A statue of Lenin in Kiev (image via Wikimedia)

It’s been nearly a quarter century since the dissolution of the Soviet Union, but the physical reminders of Central and Eastern Europe’s communist past are still provoking controversy.

The AFP reports the Kiev city council has green-lighted the construction of an outdoor museum to Soviet statues and monuments — just two months after it angered Moscow by voting to remove all traces of former Kremlin rule from the capital city. The display will cover the seven decades during which the USSR occupied Ukraine (from 1922 until 1991), and it’s anything but an homage.

Instead, Kiev officials hope it will remind Ukrainians of Soviet oppression at a time when pro-Russian rebels have been inciting violence throughout the country. “Our children should also be able to study history through these monuments,” a statement published on the city council website read. “Those who do not remember their history have no future.”

Zentralbild-Ludwig 5.5.70 Berlin: Pionierparade auf dem Leninplatz.Die junge Generation der DDR gestaltete am Abend des 5.5.70 mit einem eindrucksvollen Bekenntnis ihrer Treue zum sozialistischen Vaterland einen Hˆhepunkt f¸r die Delegierten des VII.P‰dagogischen Kongresses. Die Berliner und ihre G‰ste nahmen an dieser ¸berzeugenden Demonstration regen Anteil. Die abendliche Veranstaltung bildete den Auftakt f¸r das 6.Pioniertreffen in Cottbus.

A statue of Lenin in eastern Berlin (image via Wikimedia)

Meanwhile, a giant head of Soviet leader Vladimir Ilyich Lenin will soon go up on display in Berlin as part of an exhibition titled Unveiled. Berlin and its Monuments — much to the consternation of the German government. The five-foot-tall granite head belonged to a 62-foot-tall statue that once presided over Lenin Square. In 1991, Berlin mayor Eberhard Diepgen ordered its removal, calling it a symbol of a “dictatorship where people were persecuted and murdered.” It was sawed into several pieces, and its head was buried in a sandpit near Muggelsee Lake.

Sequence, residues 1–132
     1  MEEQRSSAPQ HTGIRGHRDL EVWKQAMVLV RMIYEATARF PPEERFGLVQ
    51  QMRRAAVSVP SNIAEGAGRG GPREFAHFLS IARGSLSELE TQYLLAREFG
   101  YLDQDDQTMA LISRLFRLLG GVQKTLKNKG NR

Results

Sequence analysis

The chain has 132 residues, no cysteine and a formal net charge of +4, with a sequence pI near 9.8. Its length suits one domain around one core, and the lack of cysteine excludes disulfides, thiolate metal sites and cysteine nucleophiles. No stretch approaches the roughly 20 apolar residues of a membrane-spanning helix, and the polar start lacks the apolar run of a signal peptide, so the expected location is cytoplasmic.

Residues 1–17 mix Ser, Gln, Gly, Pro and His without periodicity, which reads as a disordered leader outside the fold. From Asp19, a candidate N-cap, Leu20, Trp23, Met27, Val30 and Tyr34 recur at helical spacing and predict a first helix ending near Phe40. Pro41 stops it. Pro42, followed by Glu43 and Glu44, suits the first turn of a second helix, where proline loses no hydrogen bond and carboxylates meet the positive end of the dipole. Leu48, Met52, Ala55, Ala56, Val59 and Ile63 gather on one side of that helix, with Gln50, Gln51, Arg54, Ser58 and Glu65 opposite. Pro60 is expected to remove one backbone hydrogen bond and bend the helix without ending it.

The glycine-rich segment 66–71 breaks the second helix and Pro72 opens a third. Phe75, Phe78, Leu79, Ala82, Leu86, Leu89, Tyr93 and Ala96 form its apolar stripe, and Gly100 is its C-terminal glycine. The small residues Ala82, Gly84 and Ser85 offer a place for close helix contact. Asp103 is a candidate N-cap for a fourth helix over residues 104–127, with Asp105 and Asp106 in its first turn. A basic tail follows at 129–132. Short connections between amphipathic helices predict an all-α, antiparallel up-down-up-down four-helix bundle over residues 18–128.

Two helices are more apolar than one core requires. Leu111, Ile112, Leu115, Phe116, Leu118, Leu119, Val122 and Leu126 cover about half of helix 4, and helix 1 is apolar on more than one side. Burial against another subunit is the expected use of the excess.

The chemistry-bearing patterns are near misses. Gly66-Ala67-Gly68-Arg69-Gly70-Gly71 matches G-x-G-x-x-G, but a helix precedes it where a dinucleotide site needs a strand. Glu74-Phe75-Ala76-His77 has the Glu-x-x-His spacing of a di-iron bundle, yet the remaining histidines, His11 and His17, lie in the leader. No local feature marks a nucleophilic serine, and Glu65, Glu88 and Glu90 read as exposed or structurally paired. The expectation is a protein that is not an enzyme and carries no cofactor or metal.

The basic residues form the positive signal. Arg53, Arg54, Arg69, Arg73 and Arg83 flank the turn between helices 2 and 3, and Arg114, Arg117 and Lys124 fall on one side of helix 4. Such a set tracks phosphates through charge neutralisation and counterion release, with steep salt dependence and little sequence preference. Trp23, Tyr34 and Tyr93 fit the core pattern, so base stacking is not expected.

German officials initially tried to block its exhibition, claiming to not know where it was located and pronouncing its excavation too costly. “To the question of whether this is politically sensitive, I think we should say yes,” said city spokewoman Petra Rohland, in an interview with AFP. “It has been 25 years since the fall of the Wall and we naturally thought: is it wise to have Lenin pass through the city and exhibit him in a museum?”

Russia has itself been debating what to do with its old Soviet memorials. Nostalgic leaders on the left have been campaigning to have a statue of KGB “Iron” strongman Felix Dzerzhinsky re-erected in central Moscow. The issue will soon go to a popular vote, even as citizens tear down other Soviet monuments around the country — both intentionally and unintentionally.

Last month, a drunk man tried to take a selfie with a statue of Lenin in the city of Prokopyevsk and wound up breaking it into several pieces. And earlier in May, another drunk person took a hammer to a statue of Lenin near the Siberian city of Tomsk and managed to knock off his head. That job was finished this past Monday, after a man climbed up onto the surviving torso to take his own selfie and lost his balance, breaking the statue in two. “We don’t find this funny,” an anonymous local official told AFP.

Laura C. Mallonee is a Brooklyn-based writer. She holds an M.A. in Cultural Reporting and Criticism from NYU and a B.F.A. in painting from Missouri State University. She enjoys exploring new cities and...

2 replies on “Soviet Symbols Going Up and Coming Down”

  1. Unnerving the way people conflate Leninism with authoritarian Stalinism, despite how antithetical they were to each other in a lot of crucial ways.

  2. “The display will cover the seven decades during which the USSR occupied
    Ukraine (from 1922 until 1991), and it’s anything but an homage.”

    I honestly don’t know where to start with how plain-out ignorant this sentence is. Though I guess it’s on the level of “when the U.S. occupied Texas”.

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